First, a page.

Plan for a coldframe
Plan for a small cold frame

Cold frame basics

A cold frame is a low-profile open-bottomed box that is placed over crops to act as a small greenhouse. Cold frames are heated by the sun. (A hotbed is similar to a cold frame but is usually heated by electric cables placed under the growing bed.)

The sides of a cold frame are often sunk into the ground to make the structure airtight. The backside of the cold frame is usually several inches taller than the front. The frame has sloping sides fitted with a slanting, transparent roof. The sloping sides and transparent roof are positioned to face the warm southern tracking winter sun.

Cold frame advantages

A cold frame offers plants the advantage of good outdoor light while protecting them from the cold, rain, snow, wind, and hailstones. A cold frame can add 10 to 25 degrees to the outdoor temperature depending on the weather and the type of frame. Even a modest increase in soil and air temperature inside a cold frame can extend the growing season for most vegetables from 4 to 6 weeks both in spring and fall. That means an additional two to three months of edible gardening each year.

Here are things you can accomplish with a simple cold frame–a box with a glass top and the heat of the sunshine:

  • Start seeds four to six weeks earlier in the spring than in the open garden (plants in the cold frame are likely to grow somewhat more slowly but will be stronger than those grown in a greenhouse as a result of the bright natural light).
  • Protect seedlings and allow them to grow strong and sturdy until they are large enough to be transplanted into the open garden.
  • Harden off or acclimatize plants started in a greenhouse or hotbed before transplanting or setting them out into the open garden.
  • Grow certain crops to maturity; any crop can grow to maturity in a cold frame as long as the frame is large enough to accommodate the crop and the proper temperature and watering is maintained.
  • Root cuttings of perennials.
  • Grow cool- and cold-hardy crops such as lettuce, spinach, and other leaf crops late into the fall or through the winter.
  • Protect semi-hardy crops planted in the autumn through the winter; for example, cabbage planted in the autumn can be protected by a portable cold frame through the winter and then allowed to mature once spring arrives.

Cold frames in cold winter regions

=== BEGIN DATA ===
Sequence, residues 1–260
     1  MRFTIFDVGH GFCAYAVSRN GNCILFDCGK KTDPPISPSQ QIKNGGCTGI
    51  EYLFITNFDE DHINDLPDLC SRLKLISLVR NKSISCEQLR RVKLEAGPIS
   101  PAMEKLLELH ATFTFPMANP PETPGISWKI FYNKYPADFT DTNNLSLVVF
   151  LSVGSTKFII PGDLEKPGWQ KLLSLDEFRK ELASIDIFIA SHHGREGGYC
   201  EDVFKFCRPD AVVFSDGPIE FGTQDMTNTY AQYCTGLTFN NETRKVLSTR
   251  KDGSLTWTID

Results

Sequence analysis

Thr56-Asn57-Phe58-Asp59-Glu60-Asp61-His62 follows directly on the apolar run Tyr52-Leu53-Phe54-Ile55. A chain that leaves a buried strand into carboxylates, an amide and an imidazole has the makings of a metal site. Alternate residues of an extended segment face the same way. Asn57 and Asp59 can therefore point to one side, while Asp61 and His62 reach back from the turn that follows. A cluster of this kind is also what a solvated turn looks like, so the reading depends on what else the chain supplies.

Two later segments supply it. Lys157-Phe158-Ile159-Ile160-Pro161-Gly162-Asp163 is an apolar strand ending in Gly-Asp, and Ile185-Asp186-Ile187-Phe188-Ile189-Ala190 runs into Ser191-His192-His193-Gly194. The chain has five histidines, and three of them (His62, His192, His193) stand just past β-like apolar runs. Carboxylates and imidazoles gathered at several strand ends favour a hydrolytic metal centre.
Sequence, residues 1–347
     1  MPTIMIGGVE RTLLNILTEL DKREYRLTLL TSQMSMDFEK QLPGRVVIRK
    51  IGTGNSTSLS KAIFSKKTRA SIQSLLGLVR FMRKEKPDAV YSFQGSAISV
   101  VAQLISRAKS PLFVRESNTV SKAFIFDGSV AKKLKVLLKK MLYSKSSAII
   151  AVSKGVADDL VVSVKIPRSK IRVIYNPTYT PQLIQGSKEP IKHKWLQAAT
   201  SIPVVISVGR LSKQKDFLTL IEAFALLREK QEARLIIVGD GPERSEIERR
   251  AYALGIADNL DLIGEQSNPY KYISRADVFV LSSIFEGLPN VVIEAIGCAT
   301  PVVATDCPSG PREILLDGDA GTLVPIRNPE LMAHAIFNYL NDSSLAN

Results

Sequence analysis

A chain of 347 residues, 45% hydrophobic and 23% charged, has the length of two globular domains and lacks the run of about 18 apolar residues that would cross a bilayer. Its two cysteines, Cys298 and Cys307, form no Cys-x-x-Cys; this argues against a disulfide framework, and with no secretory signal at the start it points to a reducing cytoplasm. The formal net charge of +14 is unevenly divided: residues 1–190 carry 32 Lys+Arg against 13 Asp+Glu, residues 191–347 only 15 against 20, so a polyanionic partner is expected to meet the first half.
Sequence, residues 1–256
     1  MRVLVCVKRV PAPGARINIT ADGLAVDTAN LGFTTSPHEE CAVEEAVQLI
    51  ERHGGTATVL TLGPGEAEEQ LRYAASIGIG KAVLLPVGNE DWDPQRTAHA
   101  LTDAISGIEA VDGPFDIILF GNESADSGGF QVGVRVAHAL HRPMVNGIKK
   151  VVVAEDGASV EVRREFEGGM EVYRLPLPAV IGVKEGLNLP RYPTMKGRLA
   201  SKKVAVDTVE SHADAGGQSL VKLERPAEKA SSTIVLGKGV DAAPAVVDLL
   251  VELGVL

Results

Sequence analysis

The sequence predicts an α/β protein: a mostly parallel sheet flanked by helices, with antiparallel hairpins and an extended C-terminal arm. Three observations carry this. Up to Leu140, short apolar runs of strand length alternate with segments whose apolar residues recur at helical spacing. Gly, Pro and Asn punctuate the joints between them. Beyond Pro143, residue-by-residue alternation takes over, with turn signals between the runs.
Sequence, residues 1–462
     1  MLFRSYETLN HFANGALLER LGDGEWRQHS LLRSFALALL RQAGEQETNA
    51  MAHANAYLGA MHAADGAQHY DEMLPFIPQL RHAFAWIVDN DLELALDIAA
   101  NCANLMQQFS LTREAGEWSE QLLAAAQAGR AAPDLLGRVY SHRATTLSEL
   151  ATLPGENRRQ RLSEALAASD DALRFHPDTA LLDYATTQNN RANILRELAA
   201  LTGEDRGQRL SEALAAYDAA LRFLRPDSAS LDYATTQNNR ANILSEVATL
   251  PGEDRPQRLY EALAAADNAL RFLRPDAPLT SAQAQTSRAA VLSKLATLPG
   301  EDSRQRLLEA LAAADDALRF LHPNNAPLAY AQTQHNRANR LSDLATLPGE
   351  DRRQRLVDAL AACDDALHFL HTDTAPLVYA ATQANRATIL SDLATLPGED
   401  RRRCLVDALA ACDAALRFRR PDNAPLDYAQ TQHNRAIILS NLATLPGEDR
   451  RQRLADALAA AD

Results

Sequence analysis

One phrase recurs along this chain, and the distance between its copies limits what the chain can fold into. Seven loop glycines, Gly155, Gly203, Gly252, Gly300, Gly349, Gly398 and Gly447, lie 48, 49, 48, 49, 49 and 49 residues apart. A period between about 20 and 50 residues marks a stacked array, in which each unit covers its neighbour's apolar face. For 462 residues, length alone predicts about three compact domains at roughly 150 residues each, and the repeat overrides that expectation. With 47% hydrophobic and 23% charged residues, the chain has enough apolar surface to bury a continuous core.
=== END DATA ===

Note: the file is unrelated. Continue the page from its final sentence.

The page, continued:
In very cold winter regions, cold frames can be fitted with insulated sides and set atop insulated foundations to retain more heat. A wooden, block, or cement cold frame can be insulated easily with the addition of 2 or more inches of Styrofoam around the inside of the frame and with a layer of 1½ inches on the bottom under the growing bed. Insulating foam can be easily cut and glued to the inside of the frame. As well foam shutters or mats can be placed atop the frame’s clear lid at night–this can increase night air temperature inside the frame by 8°F. A double-paned glass or plastic sash (top) or a sash fitted with an under-layer of 4 to 6 mil plastic sheeting will provide additional insulation of up to 6°F.

A simple way to outfit a cold frame for cold winter regions is to place hay bales or bags of leaves around the outside of the frame. Tarps, woven mats, and old blankets can use used to insulate the top; this additional protection can increase the temperature inside the frame by 6°F at night; which can mean a season extension of 6 to 12 weeks. The inside of a frame can be painted white to reflect sunlight or black to retain heat. Thermal collectors as simple as masonry blocks or jugs of water set against the north wall of a frame will retain solar heat during the day that is released back into the frame at night.

Permanent or portable cold frame? Depending upon the size of your garden, your needs, and the number of months you want to keep the harvest going, you can use a permanent cold frame or a portable cold frame.

A permanent cold frame can be built on a foundation of concrete or a block dug into the ground (which will provide increased insulation from winter temperatures) or constructed on the garden surface. A permanent frame can be constructed of heavy wooden planks–2 inches thick by 6 to 8 inches wide and can be fitted inside with additional insulating materials. A permanent frame is likely to be sturdier and longer lasting than a portable frame and can accommodate a steeper angled sash or light and be likely to withstand a heavier load of sleet or snow without sagging.

A portable frame may be all that is needed in mild winter regions where crops require less protection than in cold winter regions. In mild regions, the portable frame can be shifted from bed to bed or disassembled when not needed. Portable frames can be constructed to fit atop permanent raised beds. Many commercial cold frames are collapsible. Portability in a small garden will allow for greater growth opportunities with limited planting bed space. A portable frame, however, will likely have less insulating capacity than a permanent frame and be subject to wider temperature fluctuations.